HSMs, digital trust and the future of eIDAS

Posted by John Cragg on Aug 2, 2022 10:50:03 AM

We spoke to John Cragg, Director of Strategic Partnerships at Utimaco about the role of Hardware Security Modules (HSM) as part of digital signature solutions, what eIDAS 2 looks like and digital trust.

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How do HSMs enable digital signatures?

Nobody ever goes looking for a HSM specifically, they are looking for a secure solution. Utimaco’s eIDAS 419221-5 solution was engineered to include an HSM to ensure the highest level of security. A typical enterprise will have a farm of these boxes serving many different applications including key management, generation and control of keys.

eIDAS is somewhat different as it has to include the software operating within the HSM to ensure the security of the signature and the authenticity is kept and managed within the FIPS boundary of the secure solution.

Whilst HSMs are used for many applications, in some implementations of eIDAS there needs to be dedicated units. For most enterprises it comes down to how they value their reputation, the data that they control and other business objectives. Any organisation who puts a high value on its reputation, data and client information should be using this level of security for all their data, including signatures.

We have a saying in our business, “software security is soft security”.

Trust is being discussed in relation to signatures and HSMs. How is that trust built from an Utimaco point of view?

eIDAS is a perfect example of trust. The process of developing the solution started with all interested parties getting together to devise a European standard that everyone could accept as a truly trusted solution. A typical digital trust solution will involve anywhere from three to six or more vendors, different parts of solution that come together to create that product that the customer wants to buy.

The beauty of the eIDAS solution is that it was built from the bottom up. It took many years to devise a truly end-to-end secure e-signing solution that banks, governments high-trust organisations have bought into and accept as an authentic, trusted, secure solution under law.

We’re increasingly seeing eIDAS-like laws in other world regions, why do you think that is?

I just think if there has been this amount of time, money and expertise spent on devising a system that’s accepted across the European Union why would you want to go and reinvent the wheel? It may not be called eIDAS and it may not be exactly the same but it is a truly secure system for cross-border signatures and authenticity. For me, I think it should be adopted everywhere.

What about eIDAS 2 and discussions around digital identity?

Current credit cards with a chip have the potential to be exploited. You can put so much on a chip – your whole history and identity. And most people have more than one of these cards in their wallet.

It’s the same with eIDAS. There are discussions around eIDAS wallets, so why can’t we put everything in one place? Then everything we do in the digital world, that identity is proven. It’s substantial, it’s secure and it’s accepted everywhere. Depending on how the market responds to it, it could become everything we need.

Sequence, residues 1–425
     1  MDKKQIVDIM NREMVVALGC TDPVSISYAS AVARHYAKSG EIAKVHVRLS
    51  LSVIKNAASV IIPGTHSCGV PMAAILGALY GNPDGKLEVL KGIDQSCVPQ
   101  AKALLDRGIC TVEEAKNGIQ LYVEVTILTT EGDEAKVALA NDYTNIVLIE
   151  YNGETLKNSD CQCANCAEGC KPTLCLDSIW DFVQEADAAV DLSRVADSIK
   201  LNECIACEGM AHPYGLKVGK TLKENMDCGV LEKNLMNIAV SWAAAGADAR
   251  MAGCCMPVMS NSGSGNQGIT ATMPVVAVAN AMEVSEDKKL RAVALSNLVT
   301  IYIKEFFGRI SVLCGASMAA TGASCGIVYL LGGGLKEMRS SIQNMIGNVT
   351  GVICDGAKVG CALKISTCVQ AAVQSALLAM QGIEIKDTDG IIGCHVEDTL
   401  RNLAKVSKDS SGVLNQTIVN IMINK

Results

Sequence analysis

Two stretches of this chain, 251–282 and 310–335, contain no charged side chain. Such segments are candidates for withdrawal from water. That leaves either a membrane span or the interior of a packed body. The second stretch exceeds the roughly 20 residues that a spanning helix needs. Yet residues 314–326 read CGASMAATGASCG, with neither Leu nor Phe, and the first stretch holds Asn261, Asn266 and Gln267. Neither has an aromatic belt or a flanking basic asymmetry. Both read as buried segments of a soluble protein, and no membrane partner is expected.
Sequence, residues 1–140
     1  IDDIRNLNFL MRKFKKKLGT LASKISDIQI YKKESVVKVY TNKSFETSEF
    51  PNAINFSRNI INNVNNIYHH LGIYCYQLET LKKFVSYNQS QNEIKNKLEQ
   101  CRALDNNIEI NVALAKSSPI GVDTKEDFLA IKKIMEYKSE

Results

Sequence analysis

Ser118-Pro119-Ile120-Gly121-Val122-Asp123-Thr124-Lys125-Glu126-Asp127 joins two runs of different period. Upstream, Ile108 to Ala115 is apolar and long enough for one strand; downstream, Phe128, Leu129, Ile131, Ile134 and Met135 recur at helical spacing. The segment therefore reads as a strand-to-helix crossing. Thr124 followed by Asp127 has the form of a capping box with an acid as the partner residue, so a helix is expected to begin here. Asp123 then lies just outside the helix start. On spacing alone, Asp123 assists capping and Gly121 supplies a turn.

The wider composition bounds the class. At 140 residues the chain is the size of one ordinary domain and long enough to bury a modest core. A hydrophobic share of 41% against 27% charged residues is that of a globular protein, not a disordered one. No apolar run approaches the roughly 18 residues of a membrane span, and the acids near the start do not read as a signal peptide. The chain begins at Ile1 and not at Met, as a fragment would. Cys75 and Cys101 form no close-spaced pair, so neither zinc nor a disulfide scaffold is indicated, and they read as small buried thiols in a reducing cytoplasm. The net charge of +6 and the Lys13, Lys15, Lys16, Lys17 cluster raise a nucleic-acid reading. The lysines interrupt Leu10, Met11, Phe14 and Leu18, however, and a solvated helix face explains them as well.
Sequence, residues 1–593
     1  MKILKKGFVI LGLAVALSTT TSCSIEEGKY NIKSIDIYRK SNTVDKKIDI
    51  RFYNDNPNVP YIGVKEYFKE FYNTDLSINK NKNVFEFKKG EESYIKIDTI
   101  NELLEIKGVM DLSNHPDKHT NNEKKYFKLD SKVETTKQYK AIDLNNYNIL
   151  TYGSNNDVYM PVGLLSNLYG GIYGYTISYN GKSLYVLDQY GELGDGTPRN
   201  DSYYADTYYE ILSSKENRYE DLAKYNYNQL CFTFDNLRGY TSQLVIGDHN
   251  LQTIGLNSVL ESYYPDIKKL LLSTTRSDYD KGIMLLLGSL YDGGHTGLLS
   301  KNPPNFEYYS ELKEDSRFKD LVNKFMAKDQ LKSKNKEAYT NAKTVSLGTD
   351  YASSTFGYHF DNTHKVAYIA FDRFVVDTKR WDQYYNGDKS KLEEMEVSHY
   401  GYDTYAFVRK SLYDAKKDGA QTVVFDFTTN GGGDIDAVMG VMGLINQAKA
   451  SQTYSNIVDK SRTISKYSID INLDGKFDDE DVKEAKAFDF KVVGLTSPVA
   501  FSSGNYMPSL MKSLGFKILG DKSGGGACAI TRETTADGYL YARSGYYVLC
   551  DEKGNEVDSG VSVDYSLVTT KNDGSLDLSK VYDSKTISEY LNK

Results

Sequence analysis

Are you still seeing a drive from governments and other institutions for digital transformation initiatives?

Digital transformation is being driven from less digitally advanced regions who leapfrog the older, more established regions like the UK.

When you have an infrastructure like the UK banking system which has been around for so many years, they are more reluctant to adopt technologies. They are content with existing systems and don’t want the expense of introducing new solutions so are much slower to appreciate the value and benefits of new technologies. This is one of the reasons why the government brought in e-banking after the financial crash, to try and force the evolution to happen quicker and allow smaller challenger banks to come onto the scene.

And with eIDAS, it wasn’t the likes of Germany or the UK or France, it was countries in South-eastern Europe. This is because countries in this region needed to build new infrastructures so they turned to the latest technology, which is eIDAS. Whereas in the USA, uptake has been slower as national adoption can be a little more complicated to implement.

With the growth of cloud, and the digitalisation of the world, we should be looking to make it secure, to make sure e-commerce works properly and to underpin our identity. Identity theft is a real problem and the eIDAS wallet is a way of stopping that happening.

Where do you see the relationship with CREAplus, Utimaco and Ascertia going in future?

It takes close collaboration between the application vendor and HSM vendor, especially in the eIDAS world where the whole solution needs to be certified. Both teams need to work closely together to ensure success - not just the initial certification but the ongoing support, evolution and development of the solution. So it’s really important that Ascertia and Utimaco work closely at that level.

When you look at CREAplus they’re not only the go-to market partner but they themselves have significant expertise and a professional services team who can support the end user to choose the right solution and implement it with input from Ascertia and Utimaco.

I think the three organisations are hugely complimentary, they make an excellent team in taking the solution to market and we’ve proven that in many implementations. We can install leading-edge solutions and support customers through the choice, the decision making, the implementation and the ongoing support.